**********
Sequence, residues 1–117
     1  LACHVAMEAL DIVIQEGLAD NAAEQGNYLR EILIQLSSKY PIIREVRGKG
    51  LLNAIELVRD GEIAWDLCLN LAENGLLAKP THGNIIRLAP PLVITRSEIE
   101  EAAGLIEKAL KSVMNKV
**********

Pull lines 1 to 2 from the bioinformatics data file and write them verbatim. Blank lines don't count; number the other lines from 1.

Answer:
Sequence, residues 1–117
     1  LACHVAMEAL DIVIQEGLAD NAAEQGNYLR EILIQLSSKY PIIREVRGKG